Saltersford Lane and Patterdown.
To discover where the Pudding Brook goes under the railway line near Chippenham and where it emerges on the other side.
It was cold, the sky was pale. We parked at B&Q just below the railway line. A black-headed gull screamed from a lamp post as we crossed the empty car park – grey tarmac, white paving – then walked along the A4 and turned left down Saltersford Lane. The pond beside the road was visible, the trees around it bare of leaves. The field next to the railway line was uncultivated, the grass pale yellow from the winter. A heron flapped across
We walked along Saltersford Lane looking into the rough grassy fields on our left for signs of the brook. A small group of deer ran into the bushes. All along the lane there were animal tracks leading into the fields. The path next to the road became narrower. We were right next to the railway line now, with the embankment high above, dark with leafless scrub and edged with metal railings.
Low in the embankment there was a culvert carrying water out from underneath. Could this be the Pudding Brook? A look at the map told us that we had gone too far up the lane. By the railings there was a gap in the hedge leading into the field. Bits of plastic and metal lay on the ground. We entered the field and followed the railings. The ground had been disturbed, in the bare patches young bramble shoots grew up. Buzzards flew overhead.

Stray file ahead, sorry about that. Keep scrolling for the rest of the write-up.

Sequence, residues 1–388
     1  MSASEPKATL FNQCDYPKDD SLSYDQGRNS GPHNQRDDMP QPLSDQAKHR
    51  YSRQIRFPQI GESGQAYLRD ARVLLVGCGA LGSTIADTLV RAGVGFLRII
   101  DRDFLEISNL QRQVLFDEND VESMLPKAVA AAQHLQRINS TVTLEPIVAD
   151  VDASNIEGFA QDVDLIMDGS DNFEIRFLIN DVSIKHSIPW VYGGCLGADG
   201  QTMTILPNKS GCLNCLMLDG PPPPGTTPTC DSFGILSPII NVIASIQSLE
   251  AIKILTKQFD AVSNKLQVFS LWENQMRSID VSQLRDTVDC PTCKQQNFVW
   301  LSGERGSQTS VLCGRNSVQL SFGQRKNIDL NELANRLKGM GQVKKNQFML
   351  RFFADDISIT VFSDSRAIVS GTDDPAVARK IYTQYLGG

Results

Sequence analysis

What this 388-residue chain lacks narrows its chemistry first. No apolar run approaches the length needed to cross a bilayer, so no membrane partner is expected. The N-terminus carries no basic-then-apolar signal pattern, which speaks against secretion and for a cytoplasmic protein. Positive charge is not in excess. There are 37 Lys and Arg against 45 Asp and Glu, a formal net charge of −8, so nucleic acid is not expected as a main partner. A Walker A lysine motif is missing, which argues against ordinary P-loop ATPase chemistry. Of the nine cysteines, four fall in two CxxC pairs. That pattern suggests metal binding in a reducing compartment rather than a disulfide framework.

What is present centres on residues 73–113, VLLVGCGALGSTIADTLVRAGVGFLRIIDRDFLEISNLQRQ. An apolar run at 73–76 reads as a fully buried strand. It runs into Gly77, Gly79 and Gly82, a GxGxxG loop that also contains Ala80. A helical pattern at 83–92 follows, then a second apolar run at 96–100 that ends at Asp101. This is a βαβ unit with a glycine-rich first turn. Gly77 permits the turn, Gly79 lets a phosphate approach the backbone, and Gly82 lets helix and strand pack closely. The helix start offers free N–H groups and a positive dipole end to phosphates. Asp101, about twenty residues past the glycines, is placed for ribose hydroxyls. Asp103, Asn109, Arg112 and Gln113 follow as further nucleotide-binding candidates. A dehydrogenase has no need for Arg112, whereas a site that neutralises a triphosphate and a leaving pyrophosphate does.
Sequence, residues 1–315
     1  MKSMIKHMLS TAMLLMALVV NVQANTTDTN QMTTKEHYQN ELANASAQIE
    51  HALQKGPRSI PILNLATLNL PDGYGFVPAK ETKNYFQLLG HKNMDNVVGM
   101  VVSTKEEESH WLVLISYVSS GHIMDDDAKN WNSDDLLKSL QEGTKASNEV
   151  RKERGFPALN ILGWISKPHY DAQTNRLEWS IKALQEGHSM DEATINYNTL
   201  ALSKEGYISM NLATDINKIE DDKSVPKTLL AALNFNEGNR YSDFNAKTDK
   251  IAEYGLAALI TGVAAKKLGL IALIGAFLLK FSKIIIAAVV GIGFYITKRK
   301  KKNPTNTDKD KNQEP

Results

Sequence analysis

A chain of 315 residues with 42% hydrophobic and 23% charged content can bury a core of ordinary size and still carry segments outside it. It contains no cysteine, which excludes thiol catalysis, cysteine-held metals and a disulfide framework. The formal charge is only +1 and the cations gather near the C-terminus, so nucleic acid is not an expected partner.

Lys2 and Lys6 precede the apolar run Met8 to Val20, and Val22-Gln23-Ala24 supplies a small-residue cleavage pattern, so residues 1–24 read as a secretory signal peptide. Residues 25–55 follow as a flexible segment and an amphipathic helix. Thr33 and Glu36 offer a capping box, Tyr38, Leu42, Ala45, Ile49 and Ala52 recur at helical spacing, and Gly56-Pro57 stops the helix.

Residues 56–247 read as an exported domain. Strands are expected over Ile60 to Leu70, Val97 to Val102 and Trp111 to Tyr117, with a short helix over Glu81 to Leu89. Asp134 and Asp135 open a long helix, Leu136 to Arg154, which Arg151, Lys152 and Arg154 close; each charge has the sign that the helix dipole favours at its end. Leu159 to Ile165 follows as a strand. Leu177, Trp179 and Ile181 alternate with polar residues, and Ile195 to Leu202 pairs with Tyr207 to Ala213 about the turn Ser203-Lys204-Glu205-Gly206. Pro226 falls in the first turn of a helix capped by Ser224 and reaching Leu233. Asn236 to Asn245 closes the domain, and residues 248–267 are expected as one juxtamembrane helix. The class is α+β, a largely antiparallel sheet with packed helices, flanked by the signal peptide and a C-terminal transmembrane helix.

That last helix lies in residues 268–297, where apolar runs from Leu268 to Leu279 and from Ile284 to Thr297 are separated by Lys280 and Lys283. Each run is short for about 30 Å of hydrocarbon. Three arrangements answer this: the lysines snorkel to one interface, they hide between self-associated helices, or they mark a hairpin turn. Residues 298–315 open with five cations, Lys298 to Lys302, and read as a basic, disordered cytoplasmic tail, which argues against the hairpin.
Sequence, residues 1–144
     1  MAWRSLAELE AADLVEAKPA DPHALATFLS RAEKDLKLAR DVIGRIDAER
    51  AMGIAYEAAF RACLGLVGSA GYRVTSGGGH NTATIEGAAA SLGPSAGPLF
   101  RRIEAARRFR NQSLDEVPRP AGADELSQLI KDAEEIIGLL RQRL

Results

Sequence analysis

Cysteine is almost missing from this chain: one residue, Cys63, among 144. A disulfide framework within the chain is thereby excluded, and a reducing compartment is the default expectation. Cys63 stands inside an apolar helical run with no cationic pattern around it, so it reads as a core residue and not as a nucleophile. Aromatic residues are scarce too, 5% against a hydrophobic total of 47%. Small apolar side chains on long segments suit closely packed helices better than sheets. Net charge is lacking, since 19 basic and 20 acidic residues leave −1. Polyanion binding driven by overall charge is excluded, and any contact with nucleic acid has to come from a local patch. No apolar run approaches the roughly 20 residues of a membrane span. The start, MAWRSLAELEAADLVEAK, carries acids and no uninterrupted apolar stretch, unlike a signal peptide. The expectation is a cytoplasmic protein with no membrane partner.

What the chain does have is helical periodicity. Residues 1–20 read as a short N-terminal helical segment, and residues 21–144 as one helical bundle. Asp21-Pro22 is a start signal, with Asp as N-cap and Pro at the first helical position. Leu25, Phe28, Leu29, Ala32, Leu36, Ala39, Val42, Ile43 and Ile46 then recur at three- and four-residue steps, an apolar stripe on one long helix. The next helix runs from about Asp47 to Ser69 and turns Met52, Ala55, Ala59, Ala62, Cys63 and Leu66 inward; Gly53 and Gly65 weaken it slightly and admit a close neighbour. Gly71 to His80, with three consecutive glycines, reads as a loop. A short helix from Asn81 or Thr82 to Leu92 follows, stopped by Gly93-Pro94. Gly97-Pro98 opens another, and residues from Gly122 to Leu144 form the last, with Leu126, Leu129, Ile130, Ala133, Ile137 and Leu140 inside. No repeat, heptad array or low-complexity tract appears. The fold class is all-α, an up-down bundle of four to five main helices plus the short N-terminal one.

From a high point we looked down into a small valley which may have been dug out to support the railway embankment in the 19th century, however parts of it seemed to have been dug over more recently. There was a shallow depression, a scoop, running down the centre of the little valley. Someone had dug a narrow channel down the length of it and two small holes, the size of sinks. The earth that had been dug out was clay and the clods had been scattered all over the floor. The uneven clods, the sink holes and the fallen branches were all covered in thick green moss which gave the impression of a decorative landscape with mossy boulders strewn on the ground, with stone troughs and a stream, though in fact it was all clay and the channel must surely have been functional – probably to help drainage. Perhaps someone had been planning to use the land.
Opposite the railway embankment which rose up on our right there was another bank which dropped down from the fields behind it. Its height probably represented the original level before the earth was moved for the railway line. This too seemed to have been worked more recently. A camouflage green tarpaulin hung down. Nearby, a white sheet was pegged to a tree trunk. Dark green and bright blue plastic sheets were crumpled on the ground amongst logs and branches and a small red chair. There were three broken wheelbarrows and some broken boxes lying around. A wooden chair with armrests and a blue stacking chair were perched firmly on flat ground as if someone had sat there to drink tea. Primroses were growing already. Further along near an opening to the field was an old van, brown with rust. We lumbered over the cloddy ground to look inside. It was empty. No seats. Nothing. Just the outer part. Passing time was marked by the trains racketing by.